Why Tinubu’s 6% GDP growth rate target may not be feasible – KPMG 

KPMG Nigeria has said that President Bola Tinubu’s target to increase the country’s Gross Domestic Product (GDP) growth rate by 6% on average in the next 4 years may not be feasible.  

In its Issue 8 Flashnotes released on Friday, the company said the target that Tinubu set during his inauguration speech would be very difficult to achieve in four years. KPMG noted that attaining a 6% real GDP growth on average from 2023 to 2026 means growing the value of real GDP from N74.6 trillion in 2022 to N92.5 trillion by 2026 representing an increase of N17 trillion in 4 years.  

According to the company, within 12 years, between 2010 and 2022, real GDP grew by about N17 trillion which will have to be replicated in just 4 years and within a much more challenging macroenvironment that cuts across the fiscal, monetary, external, and real sectors.

It added that GDP growth of 3% is assumed in the first year going by World Bank’s projection for 2023, the economy will then have to grow by an average of 7% for the subsequent 3 years and moving growth from a forecasted 3% in 2023 to at least 7% in 2024 and afterward, which seems overly ambitious. 

Why the target will be difficult 

Giving further reasons the target may be difficult to achieve, KPMG in the Flashnotes stated: 

  • “The fact that Nigeria’s GDP will need to grow by at least 6% to generate enough jobs to absorb labor market growth (about 4% per annum) and reduce poverty is well understood by President Tinubu’s Administration. The president, during his inauguration speech, had set a target to increase the GDP growth rate of the country by 6% on average in the next 4 years through budgetary reforms aimed at stimulating the real sector of the economy. However, we are of the opinion that this might be difficult to attain in four years. For example, the consensus among analysts is GDP growth in 2023 of between 2.7-3.2 %.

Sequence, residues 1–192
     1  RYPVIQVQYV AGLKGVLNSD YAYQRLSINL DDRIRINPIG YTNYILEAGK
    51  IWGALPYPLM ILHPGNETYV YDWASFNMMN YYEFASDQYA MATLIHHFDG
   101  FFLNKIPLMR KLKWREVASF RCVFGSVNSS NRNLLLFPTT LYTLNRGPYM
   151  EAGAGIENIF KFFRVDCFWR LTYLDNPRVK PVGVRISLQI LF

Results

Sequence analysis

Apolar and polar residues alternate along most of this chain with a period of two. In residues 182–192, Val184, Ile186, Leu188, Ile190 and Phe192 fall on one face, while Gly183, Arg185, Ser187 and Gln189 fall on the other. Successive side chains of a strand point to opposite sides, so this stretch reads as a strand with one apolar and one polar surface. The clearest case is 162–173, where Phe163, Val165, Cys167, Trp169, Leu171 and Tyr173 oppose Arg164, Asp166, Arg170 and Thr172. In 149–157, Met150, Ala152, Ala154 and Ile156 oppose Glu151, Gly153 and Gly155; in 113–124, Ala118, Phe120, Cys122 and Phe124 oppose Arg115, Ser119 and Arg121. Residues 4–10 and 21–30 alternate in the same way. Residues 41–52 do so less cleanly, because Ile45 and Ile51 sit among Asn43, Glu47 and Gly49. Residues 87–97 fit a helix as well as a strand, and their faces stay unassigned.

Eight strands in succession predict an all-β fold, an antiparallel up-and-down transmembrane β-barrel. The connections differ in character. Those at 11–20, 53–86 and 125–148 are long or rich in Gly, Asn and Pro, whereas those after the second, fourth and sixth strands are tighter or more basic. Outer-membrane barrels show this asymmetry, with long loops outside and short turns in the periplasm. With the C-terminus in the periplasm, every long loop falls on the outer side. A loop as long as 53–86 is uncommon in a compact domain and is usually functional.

• “GDP using the expenditure approach, is the cumulation of household and government consumption expenditure, private and public investment, and net exports which means the president will have to introduce policies and take decisions that will lead to growth across these variables. However, taking decisions in one variable can lead to a decline in another.  
  • “For example, to grow government revenue to expand government consumption and investment, it might increase taxes and /or borrow from the private sector. However, increasing taxes can lower purchasing power and slow consumption expenditure growth. At the same time private investment may be curtailed as business earnings are squeezed from slowing demand, higher costs from higher taxes, and higher interest rates as government borrowing crowds out private-sector lending and then pushes rates up.”  

KPMG added that the ability to maintain a fine and delicate balance across these variables will be important, adding “But where will the required 6% average growth needed to meet the president’s target come from?” 

Double-digit inflation 

While noting that the economy would need to grow an additional N17 trillion in 4 years through household consumption expenditure, which is the largest share of GDP and the easiest to grow, KPMG said this would be constrained by high double-digit inflation which is expected to get worse with the subsidy removal. It also added that the implementation of the finance bill 2022 and the unification of the FX rate (whenever it is implemented within the next 4 years), in addition to the perennial supply and transportation bottlenecks, security concerns, and power and other infrastructural constraints to doing business in Nigeria would constitute hindrances.  

4-4.5% achievable 

KPMG concluded that while the 6% target will be difficult to achieve, the best possible GDP growth rate to be achieved within the next 4 years would be between 4 to 4.5%.  

  • “While we expect stronger year-on-year growth over the next few years, we are of the opinion that there is very limited space to attain a 6% average real growth rate in 4 years or an increase in real GDP by N17 trillion. We are of the opinion that an average GDP growth rate of between 4-4.5% at the best is more feasible in the next 4 years. Even this will require the country to get its policies right and keep consistent faith with macroeconomic reforms,” it said.